Race Horses - Goodbye Falkenburg
At last, a band with a bit of ambition and, no, not the ambition to be on the next series of Celebrity Allotment Karate, but rather to craft some pristine pop music. Race Horses hail from proper welshy Wales, thankfully too far out in the sticks to be tainted by the’ too cool for school’ Cardiff hipster scene where the merest hint of a tune or production values are enough to lead a band to an early grave. Free to experiment the band have created what they describe as their “fifth album” as a debut. Rich in ideas and a captivating joie de vivre Goodbye Falkenburg reveals a band with a definite sense of purpose: screw pro-tools they’ve gone back to basics and this is the most organic, analogue album you’ll hear all year. It’s not lo-fi, if anything it’s a lush and warm as anything by ELO, but their frame of reference spreads far and wide through time and space, leaving us with something recognisable but, at the same time, wholly original and genuinely exciting.
The appearance of Race Horses comes as something of a relief as, since the demise of Gorkys Zygotic Mynci Welsh music has come to be dominated by an avalanche of second rate faceless nu metal/emo. The rot stops here though and at last there’s a Welsh pop band fit to share a paragraph with the likes of Gorkys and the criminally underrated Big Leaves. There are similarities with these predecessors of course but Race Horses are no parochial karaoke act, this is something entirely new and this is perfectly exemplified by their approach to the language; switching effortlessly and almost imperceptible between English and Welsh mid song. There are no artificial boundaries, no token concessions to Meibion Glyndwr, just a natural desire to go with whatever feels right. Similarly the instrumentation isn’t limited to the standard rock n roll set up of guitar, bass and drums and it’s refreshing to hear a band prepared to dig out the xylophone for their debut album.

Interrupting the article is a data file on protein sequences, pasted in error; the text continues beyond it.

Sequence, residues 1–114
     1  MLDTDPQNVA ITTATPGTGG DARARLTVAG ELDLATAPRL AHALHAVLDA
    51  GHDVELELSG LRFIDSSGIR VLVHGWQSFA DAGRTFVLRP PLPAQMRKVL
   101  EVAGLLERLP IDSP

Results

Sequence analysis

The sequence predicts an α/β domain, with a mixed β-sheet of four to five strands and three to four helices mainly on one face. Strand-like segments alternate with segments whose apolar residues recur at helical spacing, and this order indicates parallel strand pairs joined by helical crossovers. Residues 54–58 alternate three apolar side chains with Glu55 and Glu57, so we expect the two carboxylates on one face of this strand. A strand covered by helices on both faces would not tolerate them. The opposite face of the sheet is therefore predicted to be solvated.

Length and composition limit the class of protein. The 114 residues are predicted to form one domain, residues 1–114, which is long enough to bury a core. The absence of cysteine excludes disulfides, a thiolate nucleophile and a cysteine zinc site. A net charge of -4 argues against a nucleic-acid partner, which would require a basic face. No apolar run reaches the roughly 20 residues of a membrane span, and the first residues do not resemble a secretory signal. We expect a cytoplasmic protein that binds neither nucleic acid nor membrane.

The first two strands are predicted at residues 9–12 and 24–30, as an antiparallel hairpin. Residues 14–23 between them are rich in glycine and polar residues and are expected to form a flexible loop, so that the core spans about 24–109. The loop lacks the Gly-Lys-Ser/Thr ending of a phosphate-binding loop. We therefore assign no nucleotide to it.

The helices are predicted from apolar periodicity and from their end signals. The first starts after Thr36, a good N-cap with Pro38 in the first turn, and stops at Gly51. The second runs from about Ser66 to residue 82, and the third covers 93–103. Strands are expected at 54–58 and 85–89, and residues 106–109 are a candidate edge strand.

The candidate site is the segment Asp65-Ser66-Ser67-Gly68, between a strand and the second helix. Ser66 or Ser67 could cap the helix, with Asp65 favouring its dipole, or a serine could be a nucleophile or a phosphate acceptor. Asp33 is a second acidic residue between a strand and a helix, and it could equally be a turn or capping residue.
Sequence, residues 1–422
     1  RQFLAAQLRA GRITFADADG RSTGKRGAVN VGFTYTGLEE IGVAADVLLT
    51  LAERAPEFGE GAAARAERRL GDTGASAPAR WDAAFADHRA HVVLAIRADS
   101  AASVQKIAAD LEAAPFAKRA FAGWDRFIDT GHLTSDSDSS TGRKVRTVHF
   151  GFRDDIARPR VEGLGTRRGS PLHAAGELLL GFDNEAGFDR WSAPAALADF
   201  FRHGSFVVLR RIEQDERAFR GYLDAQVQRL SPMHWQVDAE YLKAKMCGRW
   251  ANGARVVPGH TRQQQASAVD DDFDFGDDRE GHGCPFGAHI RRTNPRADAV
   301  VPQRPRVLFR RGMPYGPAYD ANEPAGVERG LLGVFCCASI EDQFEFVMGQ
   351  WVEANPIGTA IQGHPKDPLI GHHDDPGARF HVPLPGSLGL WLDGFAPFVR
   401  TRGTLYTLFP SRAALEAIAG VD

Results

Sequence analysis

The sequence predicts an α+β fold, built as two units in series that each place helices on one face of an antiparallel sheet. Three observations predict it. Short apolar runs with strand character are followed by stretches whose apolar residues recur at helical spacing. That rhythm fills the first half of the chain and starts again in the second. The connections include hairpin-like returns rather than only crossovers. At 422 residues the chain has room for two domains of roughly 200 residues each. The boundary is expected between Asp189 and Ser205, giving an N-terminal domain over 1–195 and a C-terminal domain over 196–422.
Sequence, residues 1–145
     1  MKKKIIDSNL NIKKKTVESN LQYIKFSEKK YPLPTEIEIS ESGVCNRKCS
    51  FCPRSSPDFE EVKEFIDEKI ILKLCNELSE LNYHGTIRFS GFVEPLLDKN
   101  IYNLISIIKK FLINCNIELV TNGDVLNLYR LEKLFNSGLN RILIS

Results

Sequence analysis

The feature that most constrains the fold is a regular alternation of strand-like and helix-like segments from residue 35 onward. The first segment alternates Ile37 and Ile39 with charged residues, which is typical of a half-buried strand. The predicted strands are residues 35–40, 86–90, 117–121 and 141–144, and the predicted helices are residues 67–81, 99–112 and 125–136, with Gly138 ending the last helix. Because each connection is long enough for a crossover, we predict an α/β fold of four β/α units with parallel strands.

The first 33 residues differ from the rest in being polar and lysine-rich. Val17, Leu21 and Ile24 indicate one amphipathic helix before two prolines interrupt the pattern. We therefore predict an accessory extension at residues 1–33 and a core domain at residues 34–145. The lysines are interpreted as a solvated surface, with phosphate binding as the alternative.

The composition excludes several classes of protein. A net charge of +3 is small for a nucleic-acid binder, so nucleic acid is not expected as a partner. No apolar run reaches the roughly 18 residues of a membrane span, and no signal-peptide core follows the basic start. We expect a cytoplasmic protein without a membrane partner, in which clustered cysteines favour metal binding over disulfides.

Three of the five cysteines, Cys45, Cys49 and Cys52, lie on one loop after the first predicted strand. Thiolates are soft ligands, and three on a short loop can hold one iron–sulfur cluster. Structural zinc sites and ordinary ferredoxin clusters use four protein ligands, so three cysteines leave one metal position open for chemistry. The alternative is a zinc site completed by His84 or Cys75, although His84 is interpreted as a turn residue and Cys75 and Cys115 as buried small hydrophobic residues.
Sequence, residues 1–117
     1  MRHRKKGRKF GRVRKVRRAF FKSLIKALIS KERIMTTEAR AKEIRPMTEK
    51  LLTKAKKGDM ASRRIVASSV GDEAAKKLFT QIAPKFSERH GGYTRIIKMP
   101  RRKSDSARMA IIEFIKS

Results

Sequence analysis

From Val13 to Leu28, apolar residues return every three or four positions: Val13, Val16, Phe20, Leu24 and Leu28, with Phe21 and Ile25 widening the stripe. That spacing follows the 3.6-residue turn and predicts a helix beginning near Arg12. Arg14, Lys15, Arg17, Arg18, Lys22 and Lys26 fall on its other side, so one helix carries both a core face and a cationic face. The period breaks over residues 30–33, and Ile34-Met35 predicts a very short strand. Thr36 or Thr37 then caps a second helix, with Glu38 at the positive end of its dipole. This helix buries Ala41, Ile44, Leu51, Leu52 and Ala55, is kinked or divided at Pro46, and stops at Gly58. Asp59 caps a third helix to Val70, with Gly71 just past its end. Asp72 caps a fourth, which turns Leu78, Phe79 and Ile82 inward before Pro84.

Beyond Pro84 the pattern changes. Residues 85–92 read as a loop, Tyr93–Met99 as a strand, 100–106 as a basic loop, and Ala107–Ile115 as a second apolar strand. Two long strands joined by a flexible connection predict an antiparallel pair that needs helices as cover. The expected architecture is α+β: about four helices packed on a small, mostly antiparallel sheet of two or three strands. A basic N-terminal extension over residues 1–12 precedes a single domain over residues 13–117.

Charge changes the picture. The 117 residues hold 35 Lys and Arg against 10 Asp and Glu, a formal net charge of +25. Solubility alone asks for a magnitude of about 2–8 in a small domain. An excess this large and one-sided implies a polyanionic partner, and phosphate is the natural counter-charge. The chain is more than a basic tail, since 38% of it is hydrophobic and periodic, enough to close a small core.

Having said all that, opening track and recent single ‘Man in My Mind’ is a straight ahead, fashionably sloppy indie rock track which wouldn’t feel out of place in the hands of Pete and Carl. The magic of the band is quickly revealed though in the madcap ‘Cake’ which revels in the joys of baking like the Hairy Bikers rooting through Delia’s cutlery drawers; no stone is left unturned and the Velvets-like driving guitar is augmented by Motown handclaps, backmasked guitar lines and the the most deliciously daft lyrics this side of the Bonzo’s.
The album achieves a remarkable feat of presenting a united whole, loosely based upon the deathbed reminiscence of an old seadog, while taking in a kaleidoscopic array of music styles from the String Band psychedelia of ‘Isle of Ewe’ through the Salvation Army oompah insanity of ‘Cacen Mamgu’ and the pastoral folk of ‘Glo Ac Oren’ which drifts gently downstream past the wreck of the good ship Mynci. Heck ‘Voyage To St Louiscious’ even conjurs up a mariachi band and invokes the spookyJoe Meek intensity of ‘Johnny Remember Me’. In essence Race Horses are a proper, old fashioned British pop band and, if you need convincing of how wonderful a thing that can be, just check out the high kicking Libertines meets Freddie and The Dreamers doo-wop pop of ‘Scooter’. Either get those jazz hands ready for some dancefloor action or get back to your Lost Prophets albums. Ladies and gentlemen It’s time to testify, I give you a testimonial…
Last updated: 18/04/2018 17:40:29